Previous studies have reported the association between advanced paternal age at birth and the risk of autistic-spectrum disorder in offspring, including offspring with intellectual disability.
To test whether an association between advanced paternal age at birth is found in offspring with high-functioning autistic-spectrum disorder (i.e. offspring without intellectual disability).
A case–control study was conducted in Japan. The participants consisted of individuals with full-scale IQ⩾70, with a DSM–IV autistic disorder or related diagnosis. Unrelated healthy volunteers were recruited as controls. Parental ages were divided into tertiles (i.e. three age classes). Odds ratios and 95% confidence intervals were estimated using logistic regression analyses, with an adjustment for age, gender and birth order.
Eighty-four individuals with autistic-spectrum disorder but without intellectual disability and 208 healthy controls were enrolled. Increased paternal, but not maternal, age was associated with an elevated risk of high-functioning autistic-spectrum disorder. A one-level advance in paternal age class corresponded to a 1.8-fold increase in risk, after adjustment for covariates.
Advanced paternal age is associated with an increased risk for high-functioning autistic-spectrum disorder.
Recent large-scale studies have reported that advanced paternal age at birth is a risk factor for autistic-spectrum disorder in their offspring.1–3 This finding has been interpreted as indicative of an increased likelihood of mutagenesis in the paternal germ line due to ageing.4 However, a more recent study failed to confirm the association.5 Furthermore, this association remains inconclusive, since it has only been reported thus far in studies mainly from Western countries (e.g. Denmark and the USA). Inconsistent findings may also stem from methodological differences. Studies have suggested that some characteristics may be associated with the risk of autistic-spectrum disorder, and that if these factors are not adequately allowed for, erroneous conclusions may be reached. These include birth order and socio-economic status. Autism has been associated independently with the highest birth order,6,7 and higher social class associated with an increased likelihood of having a diagnosis of autism.8 However, recent large-scale studies did not adjust for these factors.2,3
Furthermore, control for IQ or exclusion of those individuals with autistic-spectrum disorder who have intellectual disability has not been considered in previous studies. Advanced paternal age at birth has been demonstrated to be associated with an increased occurrence of offspring with developmental disabilities, as reflected in special education placement,9 and neuropsychiatric conditions such as epilepsy10 and schizophrenia.11,12 Moreover, intellectual ability has been shown to have an inverted U-shape relationship to paternal age at birth;13,14 that is, offspring of younger as well as older fathers tend to have lower IQ scores. On the other hand, 40–62% of people with autism have been reported to have intellectual impairment.15 Together, these findings point to the possibility that the association found in previous studies of samples with autistic-spectrum disorder, irrespective of IQ, might be attributable to linkage of advanced paternal age with the risk of cognitive impairment rather than with the risk of autistic-spectrum disorder per se.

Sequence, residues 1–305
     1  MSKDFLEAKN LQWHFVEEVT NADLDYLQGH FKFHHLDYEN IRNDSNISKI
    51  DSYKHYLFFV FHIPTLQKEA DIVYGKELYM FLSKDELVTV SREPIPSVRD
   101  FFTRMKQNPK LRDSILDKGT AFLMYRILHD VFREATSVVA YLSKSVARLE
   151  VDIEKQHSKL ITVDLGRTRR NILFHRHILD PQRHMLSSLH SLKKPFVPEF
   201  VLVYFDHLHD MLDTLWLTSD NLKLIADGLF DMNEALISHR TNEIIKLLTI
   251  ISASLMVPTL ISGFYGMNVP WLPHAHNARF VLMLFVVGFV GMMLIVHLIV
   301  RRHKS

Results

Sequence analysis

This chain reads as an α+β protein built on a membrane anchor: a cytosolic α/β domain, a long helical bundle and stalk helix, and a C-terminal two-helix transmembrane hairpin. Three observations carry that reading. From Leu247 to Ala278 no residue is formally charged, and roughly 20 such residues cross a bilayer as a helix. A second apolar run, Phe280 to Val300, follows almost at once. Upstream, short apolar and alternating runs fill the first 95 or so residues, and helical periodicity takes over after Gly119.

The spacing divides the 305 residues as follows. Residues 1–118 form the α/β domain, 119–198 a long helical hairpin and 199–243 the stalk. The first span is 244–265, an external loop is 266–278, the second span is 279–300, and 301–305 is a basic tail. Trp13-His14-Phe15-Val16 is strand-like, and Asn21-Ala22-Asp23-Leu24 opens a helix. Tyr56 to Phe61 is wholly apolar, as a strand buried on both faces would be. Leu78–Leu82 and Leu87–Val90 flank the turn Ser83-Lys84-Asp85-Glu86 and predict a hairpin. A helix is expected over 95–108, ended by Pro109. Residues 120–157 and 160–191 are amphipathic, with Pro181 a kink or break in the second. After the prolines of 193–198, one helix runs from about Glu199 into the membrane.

In our study, we therefore investigated whether the association between advanced paternal age at birth and the risk of autistic-spectrum disorder reported would be reproducible in a Japanese sample of individuals with high-functioning autistic-spectrum disorder but without intellectual impairment.
This study was conducted as a series of projects launched to investigate pregnancy- and birth-related events as risk factors for mental illnesses in Japan. The projects were designed to exclusively utilise the Mother and Child Health Handbook, a set of notes covering a wide range of information, including pregnancy and delivery events, newborn characteristics, as well as parental data including the dates of birth of the parents.
We sought the participation of individuals with a diagnosis of autistic-spectrum disorder but without intellectual disability who were admitted to, or referred to, the University Hospital of the Hamamatsu University School of Medicine during the period 1 October 2004 to 31 March 2006, or who were, during the same period, registered as members of a self-help organisation, `Aspe-Erude no Kai' (the Association for Asperger Syndrome, Autism, and Learning Disorders; Nagoya, Japan). To select individuals without intellectual disability, IQ was evaluated for those whose parents consented to participation in this study, and who themselves also consented to participate.
The Japanese version of the Wechsler Adult Intelligent Scale – Revised (WAIS–R)16 or the Wechsler Intelligence Scale for Children (3rd edition) (WISC–III)17 was used for evaluation of IQ. We identified 88 individuals with a full-scale IQ of 70 or over, all of whom were singletons and clinically diagnosed as having autistic-spectrum disorder, which was confirmed by scrutiny of case notes. Among the 88 initially identified, 4 individuals had a history of neurological disorders, mainly epilepsy, and were excluded from the analysis. The remaining 84 participants, with a mean full-scale scale IQ score of 100.0 (s.d.=16.8, range 71–134), underwent a thorough clinical interview and were found to meet the criteria for at least one of the DSM–IV diagnoses under the category of pervasive developmental disorders.18 To ensure diagnostic precision, the Autism Diagnostic Interview – Revised (ADI–R)19 was also conducted to confirm the diagnosis in these 84 participants. Of these, 75 individuals were diagnosed with autistic disorder (13 females, 62 males), 5 with Asperger disorder (1 female, 4 males), and 4 with pervasive developmental disorder not otherwise specified (all males). In the present study, we regarded all 84 individuals as having autistic-spectrum disorder.
As a comparison group, we recruited unrelated healthy volunteers among university students and children of the hospital staff in order to efficiently assemble individuals without intellectual disability. Accordingly, 208 controls were included in the study who had no lifetime diagnosis of any psychiatric disorder, were singletons, and were confirmed to have had no clinically significant developmental delay.